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Are you worried about what your student loans might mean to your future?
You are not alone. Parents fret about it and so do some colleges and universities. In fact, several colleges and universities have adopted generous “no loans” financial aid policies, where grants replace loans in your financial aid package. While most institutions offer a no-loans policy to families from low-income backgrounds, a small number extend the policy to all of their students.
A no-loans policy replaces federal student loans with grants that the university pays.
However, note that most colleges with “no loans” financial aid policies aren’t truly eliminating all loans. Many of these colleges require a minimum student contribution that could include part-time student employment and/or student loans. Instead of a “no loans” policy, some colleges have adopted a low cap on the amount students can borrow. Even so, your average debt at graduation is likely to be much lower than at other schools.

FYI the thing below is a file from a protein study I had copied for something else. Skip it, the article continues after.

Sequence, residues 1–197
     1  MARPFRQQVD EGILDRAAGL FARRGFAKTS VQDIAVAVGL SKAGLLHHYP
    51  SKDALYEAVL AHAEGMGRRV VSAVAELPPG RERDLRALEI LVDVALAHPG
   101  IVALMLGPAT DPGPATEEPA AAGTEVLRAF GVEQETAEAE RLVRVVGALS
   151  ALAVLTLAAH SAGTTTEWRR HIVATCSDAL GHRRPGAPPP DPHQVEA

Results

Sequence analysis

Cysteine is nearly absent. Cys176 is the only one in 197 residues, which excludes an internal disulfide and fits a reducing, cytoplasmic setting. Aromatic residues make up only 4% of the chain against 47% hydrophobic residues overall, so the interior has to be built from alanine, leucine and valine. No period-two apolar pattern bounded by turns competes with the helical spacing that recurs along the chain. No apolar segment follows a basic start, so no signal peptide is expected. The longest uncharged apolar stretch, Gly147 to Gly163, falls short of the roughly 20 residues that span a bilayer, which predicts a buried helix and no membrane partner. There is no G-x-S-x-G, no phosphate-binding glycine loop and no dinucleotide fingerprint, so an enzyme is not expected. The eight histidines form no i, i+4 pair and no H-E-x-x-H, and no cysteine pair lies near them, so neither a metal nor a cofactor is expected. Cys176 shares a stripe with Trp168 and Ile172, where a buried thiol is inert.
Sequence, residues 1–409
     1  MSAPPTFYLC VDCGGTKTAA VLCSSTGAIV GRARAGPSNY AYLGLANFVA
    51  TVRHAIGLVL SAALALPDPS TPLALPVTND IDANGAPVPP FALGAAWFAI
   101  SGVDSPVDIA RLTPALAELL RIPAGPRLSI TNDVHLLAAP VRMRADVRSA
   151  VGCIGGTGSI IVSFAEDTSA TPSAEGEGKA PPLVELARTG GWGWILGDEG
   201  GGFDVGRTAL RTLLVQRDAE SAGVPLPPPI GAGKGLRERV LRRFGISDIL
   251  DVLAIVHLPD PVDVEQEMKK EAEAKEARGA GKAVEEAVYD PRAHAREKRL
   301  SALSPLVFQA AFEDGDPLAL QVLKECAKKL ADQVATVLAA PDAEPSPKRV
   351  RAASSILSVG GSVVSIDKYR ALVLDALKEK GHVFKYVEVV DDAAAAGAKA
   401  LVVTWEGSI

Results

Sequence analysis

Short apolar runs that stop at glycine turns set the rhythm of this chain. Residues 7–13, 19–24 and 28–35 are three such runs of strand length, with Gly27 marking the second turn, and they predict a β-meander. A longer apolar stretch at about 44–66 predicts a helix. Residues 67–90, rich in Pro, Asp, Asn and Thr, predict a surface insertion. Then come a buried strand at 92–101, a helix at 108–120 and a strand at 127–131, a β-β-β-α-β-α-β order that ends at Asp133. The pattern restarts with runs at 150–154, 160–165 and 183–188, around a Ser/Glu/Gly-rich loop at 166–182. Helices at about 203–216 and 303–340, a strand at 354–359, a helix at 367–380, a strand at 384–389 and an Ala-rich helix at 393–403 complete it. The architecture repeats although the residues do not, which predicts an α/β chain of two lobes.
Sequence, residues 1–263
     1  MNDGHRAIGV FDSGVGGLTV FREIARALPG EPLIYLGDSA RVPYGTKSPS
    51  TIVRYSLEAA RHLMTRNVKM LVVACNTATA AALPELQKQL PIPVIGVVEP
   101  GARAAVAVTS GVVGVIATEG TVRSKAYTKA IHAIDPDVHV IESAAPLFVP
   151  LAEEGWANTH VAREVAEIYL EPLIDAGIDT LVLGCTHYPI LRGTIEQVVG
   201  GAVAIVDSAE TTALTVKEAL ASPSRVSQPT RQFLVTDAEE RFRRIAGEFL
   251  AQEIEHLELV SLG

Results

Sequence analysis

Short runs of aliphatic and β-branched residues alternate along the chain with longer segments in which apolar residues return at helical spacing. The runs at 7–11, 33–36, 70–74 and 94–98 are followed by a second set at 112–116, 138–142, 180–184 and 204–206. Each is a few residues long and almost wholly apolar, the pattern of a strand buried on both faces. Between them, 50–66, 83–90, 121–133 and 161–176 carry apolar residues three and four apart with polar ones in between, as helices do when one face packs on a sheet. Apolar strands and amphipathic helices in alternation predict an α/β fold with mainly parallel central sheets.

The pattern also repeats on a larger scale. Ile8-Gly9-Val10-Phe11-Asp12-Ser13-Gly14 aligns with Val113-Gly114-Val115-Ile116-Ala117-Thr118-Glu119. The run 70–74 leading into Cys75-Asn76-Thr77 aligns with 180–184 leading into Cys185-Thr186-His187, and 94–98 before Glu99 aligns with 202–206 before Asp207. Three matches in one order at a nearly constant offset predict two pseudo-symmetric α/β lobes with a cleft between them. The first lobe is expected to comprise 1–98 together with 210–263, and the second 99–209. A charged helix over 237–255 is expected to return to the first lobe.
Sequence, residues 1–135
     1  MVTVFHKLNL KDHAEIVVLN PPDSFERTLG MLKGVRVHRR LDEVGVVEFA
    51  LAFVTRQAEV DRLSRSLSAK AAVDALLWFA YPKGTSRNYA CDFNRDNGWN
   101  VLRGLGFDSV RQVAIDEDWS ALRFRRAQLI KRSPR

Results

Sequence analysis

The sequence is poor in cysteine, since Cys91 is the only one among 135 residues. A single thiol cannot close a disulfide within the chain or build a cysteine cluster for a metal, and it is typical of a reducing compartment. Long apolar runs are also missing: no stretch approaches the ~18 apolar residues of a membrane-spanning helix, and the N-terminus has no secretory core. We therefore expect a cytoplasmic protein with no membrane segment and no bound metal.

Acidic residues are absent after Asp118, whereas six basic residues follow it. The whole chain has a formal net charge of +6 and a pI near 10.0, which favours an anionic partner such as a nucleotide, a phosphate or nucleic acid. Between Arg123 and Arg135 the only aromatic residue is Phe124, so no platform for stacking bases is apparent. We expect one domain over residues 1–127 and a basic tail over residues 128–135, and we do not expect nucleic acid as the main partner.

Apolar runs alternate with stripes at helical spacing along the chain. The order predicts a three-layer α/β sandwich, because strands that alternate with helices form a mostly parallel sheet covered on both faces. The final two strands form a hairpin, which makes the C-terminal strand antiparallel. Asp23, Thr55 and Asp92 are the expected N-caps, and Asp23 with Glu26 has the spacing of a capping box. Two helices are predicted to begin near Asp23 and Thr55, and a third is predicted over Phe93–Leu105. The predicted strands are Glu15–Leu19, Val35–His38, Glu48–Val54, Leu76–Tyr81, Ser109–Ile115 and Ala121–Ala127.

Here is one secret that you may not know. All of the Ivy League institutions (Harvard, Princeton, Columbia, Yale, University of Pennsylvania, Cornell, Brown and Dartmouth) have “no loans” policies.
See the next page for a list of no-loan schools. Also, if you are interested in a college consultation with our experts, let us know.
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The 2018–19 Free Application for Federal Student Aid (FAFSA®) form is now available! If you plan to attend college between July 1, 2018, and June 30, 2019, you should fill out your FAFSA form as soon as possible. Before you rush to fill it, read this blog to make sure you don’t make one of these common mistakes:
1. Not Completing the FAFSA Form